October 22, 2016

Church Tells Congregation Not to Talk About Salmonella Outbreak

Church leaders at Bethesda United Methodist Church in Parker County, Texas have told members not to talk about Salmonella outbreak linked to a community meal served at the church. At least 30 people were sickened, children were among those who ended up in the emergency room. One person was admitted to the intensive care unit.

Salmonella BacteriaThe Texas Department of State Health Services is investigating the outbreak. A food source has not yet been determined.

On the church’s Facebook page, the youth pastor says church staff don’t think it is in the best interest of the church to talk to the media and asked members to refrain from posting or sharing information about the outbreak, according to the Stillwater News Press.

Salmonella bacteria live in the intestines of animals and are shed in their feces. Contamination can happen during slaughter, in the growing fields or through cross contamination from a sick person or other contaminated food. Disease is transmitted when food tainted with microscopic amounts of fecal material is ingested.

The infection called salmonellosis causes diarrhea that can be bloody, abdominal cramps, and fever. Usually these symptoms develop within six to 72 hours after exposure and last up to a week. But for some people, the diarrhea may be so severe that hospitalization is required. A small percentage of patients who are hospitalized develop a blood infection that can be life-threatening. Seniors, children and those with weakened immune systems are most likely to develop a severe illness.

After initial symptoms resolve, long-term complications of salmonellosis can develop. These include heart problems and reactive arthritis which causes painful swelling of the joints and irritable bowel syndrome.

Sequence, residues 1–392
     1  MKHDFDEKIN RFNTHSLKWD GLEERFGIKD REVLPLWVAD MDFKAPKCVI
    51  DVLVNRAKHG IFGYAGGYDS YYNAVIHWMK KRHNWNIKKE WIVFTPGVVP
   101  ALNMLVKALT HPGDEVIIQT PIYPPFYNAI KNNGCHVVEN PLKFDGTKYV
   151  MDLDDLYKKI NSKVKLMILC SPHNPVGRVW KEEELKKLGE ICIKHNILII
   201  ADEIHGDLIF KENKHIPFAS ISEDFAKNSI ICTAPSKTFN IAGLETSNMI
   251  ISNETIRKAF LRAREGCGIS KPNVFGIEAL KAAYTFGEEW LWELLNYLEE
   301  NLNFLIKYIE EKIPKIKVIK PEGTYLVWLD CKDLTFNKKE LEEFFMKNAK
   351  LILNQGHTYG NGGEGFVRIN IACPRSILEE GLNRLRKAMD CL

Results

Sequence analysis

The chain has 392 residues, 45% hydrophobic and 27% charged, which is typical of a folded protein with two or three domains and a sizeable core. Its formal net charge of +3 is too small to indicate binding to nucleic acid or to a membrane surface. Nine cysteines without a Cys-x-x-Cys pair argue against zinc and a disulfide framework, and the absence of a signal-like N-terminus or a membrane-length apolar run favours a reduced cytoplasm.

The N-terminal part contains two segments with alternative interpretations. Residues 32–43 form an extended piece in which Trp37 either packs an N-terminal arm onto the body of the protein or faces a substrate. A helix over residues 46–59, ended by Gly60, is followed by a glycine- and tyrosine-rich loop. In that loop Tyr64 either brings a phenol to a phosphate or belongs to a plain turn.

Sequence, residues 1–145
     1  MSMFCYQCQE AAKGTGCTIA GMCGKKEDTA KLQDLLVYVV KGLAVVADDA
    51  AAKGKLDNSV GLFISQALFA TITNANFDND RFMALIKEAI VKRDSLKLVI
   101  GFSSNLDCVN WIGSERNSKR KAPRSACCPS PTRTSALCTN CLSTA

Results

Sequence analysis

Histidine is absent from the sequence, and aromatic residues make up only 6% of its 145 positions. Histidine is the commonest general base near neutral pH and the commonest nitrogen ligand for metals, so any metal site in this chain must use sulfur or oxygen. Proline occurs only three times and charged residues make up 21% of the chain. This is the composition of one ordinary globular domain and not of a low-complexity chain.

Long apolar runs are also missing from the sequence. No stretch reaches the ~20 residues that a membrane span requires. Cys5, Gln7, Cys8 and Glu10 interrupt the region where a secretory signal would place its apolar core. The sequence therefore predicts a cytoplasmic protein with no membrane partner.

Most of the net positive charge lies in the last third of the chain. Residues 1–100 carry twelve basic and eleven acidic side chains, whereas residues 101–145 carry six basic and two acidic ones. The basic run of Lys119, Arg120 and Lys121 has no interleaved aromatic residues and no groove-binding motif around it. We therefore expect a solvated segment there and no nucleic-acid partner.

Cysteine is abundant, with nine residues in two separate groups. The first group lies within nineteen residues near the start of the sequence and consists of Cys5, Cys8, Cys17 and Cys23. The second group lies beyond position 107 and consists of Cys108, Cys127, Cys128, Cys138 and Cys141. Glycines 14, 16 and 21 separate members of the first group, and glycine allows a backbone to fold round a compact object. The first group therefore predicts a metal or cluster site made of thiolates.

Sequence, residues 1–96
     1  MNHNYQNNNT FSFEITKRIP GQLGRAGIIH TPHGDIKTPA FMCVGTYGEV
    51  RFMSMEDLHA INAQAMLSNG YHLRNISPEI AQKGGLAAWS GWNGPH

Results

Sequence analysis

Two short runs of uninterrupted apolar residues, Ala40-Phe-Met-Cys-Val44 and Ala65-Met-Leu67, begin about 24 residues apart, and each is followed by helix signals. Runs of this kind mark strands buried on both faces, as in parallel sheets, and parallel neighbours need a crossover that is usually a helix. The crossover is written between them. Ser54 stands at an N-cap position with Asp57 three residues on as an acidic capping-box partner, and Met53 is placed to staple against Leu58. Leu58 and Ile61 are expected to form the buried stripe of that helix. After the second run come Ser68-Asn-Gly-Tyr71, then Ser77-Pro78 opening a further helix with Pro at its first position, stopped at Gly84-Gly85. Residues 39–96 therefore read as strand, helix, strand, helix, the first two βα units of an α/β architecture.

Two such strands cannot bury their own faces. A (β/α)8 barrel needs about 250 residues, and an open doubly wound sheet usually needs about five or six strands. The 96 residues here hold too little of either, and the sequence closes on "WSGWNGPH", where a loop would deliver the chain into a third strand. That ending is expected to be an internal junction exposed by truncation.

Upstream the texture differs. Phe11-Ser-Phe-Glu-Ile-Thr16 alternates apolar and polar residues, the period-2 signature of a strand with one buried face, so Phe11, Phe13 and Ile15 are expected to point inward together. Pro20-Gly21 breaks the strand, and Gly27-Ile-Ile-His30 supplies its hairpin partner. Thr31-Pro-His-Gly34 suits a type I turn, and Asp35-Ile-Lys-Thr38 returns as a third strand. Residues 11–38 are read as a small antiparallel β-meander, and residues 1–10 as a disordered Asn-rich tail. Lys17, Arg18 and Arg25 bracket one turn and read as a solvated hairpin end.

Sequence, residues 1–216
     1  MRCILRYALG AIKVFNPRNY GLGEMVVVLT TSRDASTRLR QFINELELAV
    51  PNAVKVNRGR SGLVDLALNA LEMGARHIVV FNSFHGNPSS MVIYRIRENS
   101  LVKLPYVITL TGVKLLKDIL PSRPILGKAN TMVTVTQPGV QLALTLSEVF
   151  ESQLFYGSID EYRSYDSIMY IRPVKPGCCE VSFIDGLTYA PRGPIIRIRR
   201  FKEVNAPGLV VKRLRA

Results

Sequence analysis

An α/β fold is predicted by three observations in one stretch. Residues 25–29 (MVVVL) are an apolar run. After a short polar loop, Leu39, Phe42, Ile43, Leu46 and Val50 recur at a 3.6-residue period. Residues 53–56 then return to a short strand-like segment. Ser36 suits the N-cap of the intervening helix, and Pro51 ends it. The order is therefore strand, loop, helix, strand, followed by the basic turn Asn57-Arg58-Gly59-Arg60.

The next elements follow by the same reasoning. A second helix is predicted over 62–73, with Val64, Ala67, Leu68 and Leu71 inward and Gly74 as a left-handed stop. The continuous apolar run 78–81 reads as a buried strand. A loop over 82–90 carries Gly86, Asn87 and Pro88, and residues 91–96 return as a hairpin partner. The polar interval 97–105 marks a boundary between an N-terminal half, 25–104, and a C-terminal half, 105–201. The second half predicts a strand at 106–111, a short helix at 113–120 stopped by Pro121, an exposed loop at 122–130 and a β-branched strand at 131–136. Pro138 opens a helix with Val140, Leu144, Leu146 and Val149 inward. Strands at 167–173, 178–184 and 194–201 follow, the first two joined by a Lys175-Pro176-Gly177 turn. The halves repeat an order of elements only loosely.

Recently, there have been a number of Salmonella outbreaks. A Salmonella Poona outbreak linked to cucumbers imported by Andrew & Williamson Fresh Produce of San Diego has sickened 732 people, killing four of them. The fatalities have occurred in Oklahoma, Arizona, California, and Texas. A Salmonella outbreak at Fig & Olive locations in Washington DC and  California sickened as many as 160 people.

Two Salmonella outbreaks linked to raw, frozen breaded chicken products have sickened a dozen people in four states. One of them, linked to Chicken a la Kiev and other products produced by Aspen Foods of Chicago has sickened five people in Minnesota. The recalled products were sold  nationwide under the brand names Acclaim, Antioch Farms, Buckley Farms, Centrella Signature, Chestnut Farms, Family Favorites, Kirkwood, Koch Foods, Market Day, Oven Cravers, Rose, Rosebud Farm, Roundy’s, Safeway Kitchens, Schwan’s, Shaner’s, Spartan and Sysco.

Another outbreak linked to Chicken a la Kiev and other breaded chicken products produced by Barber Foods of Maine has sickened nine people in four states: Minnesota, Wisconsin, Illinois and Oklahoma. Three people were hospitalized.

The Salmonella outbreak linked to Barber frozen chicken entrees has expanded to four states sickening nine people and hospitalizing three of them. Six cases have been reported in Minnesota, Wisconsin, Illinois and Oklahoma have each reported one case.

Chicken Kiev SalmonellaA lawsuit has been filed of behalf of a man from Lake Elmo, Minnesota who became ill after eating eating a contaminated Chicken Kiev entree they purchased from a Sam’s Club store.

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